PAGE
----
Category Archives: Culture

Business, Culture

Ethnic markets find their niche

Yitty Deutsch of Monsey bags onions at Evergreen Kosher market in Monsey. Photo by Tania Savayan/lohud

Ethnic supermarkets are gaining loyal customers, shoppers in search of quality food, and a wider variety

Operators of the Evergreen Kosher supermarket could sense an opportunity in Monsey a few years ago as they prepared to open in a space previously occupied by Pathmark.

The fact that the market would sell kosher food wasn’t particularly unique. There were other kosher markets nearby. But the stores seemed outdated and weren’t keeping up with the demands of the modern kosher shopper, said A.J. Jordan, Evergeen’s chief marketing officer.

“With the Jewish community growing, I don’t know if it was effectively servicing the community,” he said.

So Evergreen, which has a motto of “Shop Happy,” set out to be different. It not only offered a wide variety of products and amenities, such as a bake shop, personalized butcher and an extra-large section of prepared and ready-to-cook foods, it did so inside a sleek, 30,000-square-foot, modern store.

Continue reading

Business, Culture

After A&P: You are where you shop

Two-year-old Alexandra Chang holds on to blueberry waffles, her favorite breakfast choice, as her babysitter Taeko Reilly of Chappaqua, shops for bread at DeCicco & Sons in Armonk. Photo by Tania Savayan/lohud

These changes are more than real-estate transactions. They highlight the relationship shoppers have with their supermarkets

Chestnut Ridge’s Cathy Murphy thought she was in her supermarket, but she was wrong.

“I knew something was happening with A&P, but I didn’t even realize when I walked in that it was a different store,” she said. “Then I saw they didn’t have the self-checkout and I was like, ‘What is going on?’”

What was going on was that Murphy’s A&P, just across the New Jersey line in Woodcliff Lake, had become an Acme supermarket last month without her noticing. And Acme doesn’t use self-checkout aisles.

Gone was her A&P’s growing selection of organic food to which Murphy had become accustomed, in aisles she had navigated for nearly a decade. Things weren’t where they used to be.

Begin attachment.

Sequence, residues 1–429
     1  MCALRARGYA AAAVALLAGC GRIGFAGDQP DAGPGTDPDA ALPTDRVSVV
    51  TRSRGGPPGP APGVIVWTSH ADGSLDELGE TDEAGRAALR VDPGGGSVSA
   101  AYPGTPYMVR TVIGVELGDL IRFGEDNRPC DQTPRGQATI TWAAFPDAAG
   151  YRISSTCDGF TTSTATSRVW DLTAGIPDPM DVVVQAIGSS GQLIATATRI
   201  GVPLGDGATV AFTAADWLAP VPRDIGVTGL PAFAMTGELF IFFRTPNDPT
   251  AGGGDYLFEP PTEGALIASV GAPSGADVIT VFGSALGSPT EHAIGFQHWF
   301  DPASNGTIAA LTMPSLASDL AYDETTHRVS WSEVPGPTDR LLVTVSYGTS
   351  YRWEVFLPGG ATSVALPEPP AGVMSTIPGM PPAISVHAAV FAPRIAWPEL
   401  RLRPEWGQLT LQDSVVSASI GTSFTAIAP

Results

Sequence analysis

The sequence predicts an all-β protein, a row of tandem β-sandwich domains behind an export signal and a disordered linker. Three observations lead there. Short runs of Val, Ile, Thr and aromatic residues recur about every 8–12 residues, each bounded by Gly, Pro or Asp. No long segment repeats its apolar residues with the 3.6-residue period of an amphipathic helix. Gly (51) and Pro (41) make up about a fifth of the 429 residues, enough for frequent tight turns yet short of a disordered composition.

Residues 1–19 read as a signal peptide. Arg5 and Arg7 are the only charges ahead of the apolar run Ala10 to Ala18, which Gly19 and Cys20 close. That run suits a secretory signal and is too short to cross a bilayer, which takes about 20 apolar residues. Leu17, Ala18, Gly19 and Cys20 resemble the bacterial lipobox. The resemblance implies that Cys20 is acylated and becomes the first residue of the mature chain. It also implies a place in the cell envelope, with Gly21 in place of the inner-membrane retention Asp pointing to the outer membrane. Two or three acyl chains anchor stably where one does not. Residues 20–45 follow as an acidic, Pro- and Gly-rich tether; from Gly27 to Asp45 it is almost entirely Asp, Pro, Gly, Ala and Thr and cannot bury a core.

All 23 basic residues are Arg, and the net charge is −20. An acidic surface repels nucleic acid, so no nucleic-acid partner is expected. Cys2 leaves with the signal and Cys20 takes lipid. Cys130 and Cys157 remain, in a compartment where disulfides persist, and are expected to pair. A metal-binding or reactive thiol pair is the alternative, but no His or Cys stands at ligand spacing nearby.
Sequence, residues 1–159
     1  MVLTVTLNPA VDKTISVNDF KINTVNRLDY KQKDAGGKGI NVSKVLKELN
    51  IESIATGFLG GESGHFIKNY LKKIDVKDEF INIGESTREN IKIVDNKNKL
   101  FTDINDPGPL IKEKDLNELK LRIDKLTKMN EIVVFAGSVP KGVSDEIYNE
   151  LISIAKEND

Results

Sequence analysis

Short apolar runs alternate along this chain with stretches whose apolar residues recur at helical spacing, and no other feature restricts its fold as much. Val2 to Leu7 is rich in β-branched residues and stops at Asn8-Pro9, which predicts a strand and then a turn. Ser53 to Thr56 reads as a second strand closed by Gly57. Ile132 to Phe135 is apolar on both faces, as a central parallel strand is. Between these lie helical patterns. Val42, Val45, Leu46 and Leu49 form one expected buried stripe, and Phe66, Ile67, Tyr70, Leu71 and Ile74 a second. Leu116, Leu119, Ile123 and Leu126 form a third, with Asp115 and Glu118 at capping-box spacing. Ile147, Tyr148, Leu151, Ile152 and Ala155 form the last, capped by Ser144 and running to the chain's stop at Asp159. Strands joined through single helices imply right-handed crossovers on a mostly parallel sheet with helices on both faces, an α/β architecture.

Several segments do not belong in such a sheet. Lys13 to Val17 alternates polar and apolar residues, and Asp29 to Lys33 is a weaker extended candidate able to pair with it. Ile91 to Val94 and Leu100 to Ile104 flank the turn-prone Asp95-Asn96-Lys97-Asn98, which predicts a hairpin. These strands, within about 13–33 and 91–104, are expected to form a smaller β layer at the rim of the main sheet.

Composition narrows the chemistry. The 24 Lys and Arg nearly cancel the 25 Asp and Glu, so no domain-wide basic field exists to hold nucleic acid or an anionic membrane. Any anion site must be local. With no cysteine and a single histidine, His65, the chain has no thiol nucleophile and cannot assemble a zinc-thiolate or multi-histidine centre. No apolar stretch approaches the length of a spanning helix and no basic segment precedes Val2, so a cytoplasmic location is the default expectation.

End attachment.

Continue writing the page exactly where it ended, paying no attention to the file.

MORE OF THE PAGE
What is going on across the Lower Hudson Valley is a dizzying and seismic shift in the local supermarket landscape, as dozens of bankrupt A&P stores have changed hands seemingly overnight to become Key Foods or Acmes or, in at least one high-profile case in Yonkers, a grocery-selling CVS.

These changes are more than real-estate transactions. They bring to light the primal and personal relationship shoppers have with their supermarkets.

Continue reading

Business, Culture

Cult followings


Wegmans’ floral department in Rochester. Photo by Jamie Germano/Rochester Democrat and Chronicle

Rabid fans of Trader Joe’s and Wegmans flock to their favorite stores

Mention their name in the right company and you’ll trigger wistful, faraway looks or breathless salivation: Wegmans and Trader Joe’s.

“I love Wegmans!” says Karen Parish of Pound Ridge. “My daughter goes to Cornell and she’s bringing me something back from Wegmans when she comes back from school. They have a stir-fry sauce that is unbelievable! I told her to bring me back three bottles. I called her and said, ‘Don’t forget to go to Wegmans!’”

When Parish heard the A&P in Mount Kisco was closing, she hoped it would become a Wegmans. (Turns out, it was sold to the highest bidder, Stop&Shop, for $25 million, the most lucrative sale in the bankrupty liquidation.)

“Their food is unbelievable, so fresh. I sometimes shop at Fairway in Stamford because I live on the border. But it’s no Wegmans.”

Meanwhile, Trader Joe’s inspires people to drive long distances to stock up on supplies of frozen and packaged goods.

While Wegmans stores are huge and Trader Joe’s are deliberately smaller, both supermarket chains have avid, some might say rabid, fan bases who crave a store in their neighborhood.

Continue reading

Culture, Demographics

How chicken inspired an industry

Roasting rotisserie chicken. Photo by Peter Carr/lohud

Rotisserie sales will top $3.5 billion this year

As you stroll your supermarket’s prepared-food section, where you’ll find dozens of hot offerings ready to take home, tip your hat to the humble rotisserie chicken — and Blockbuster Video.

Rotisserie chicken was relatively big in the 1950s and into the ’60s in mom-and-pop delis and with home chefs, said Tom Super of the National Chicken Council.

“Consumers were reluctant to pay $2 plus for a cooked bird when they could buy a 29-cent-a-pound chicken for less than a dollar and spin it on a mechanism on their backyard grill or even in their kitchen ovens,” he said. “But fried chicken from KFC and others pushed rotisserie off the menu.”

Continue reading

Culture

Food fetish favorites

A shopper looks over the items in the bakery section at DeCicco’s Family Market in New City. Photo by Tania Savayan/lohud.

We’ve all got that special product for which we will take a special trip to a specific store.

I took to Facebook and asked for yours. Turns out, lots of people have a food fetish.

Continue reading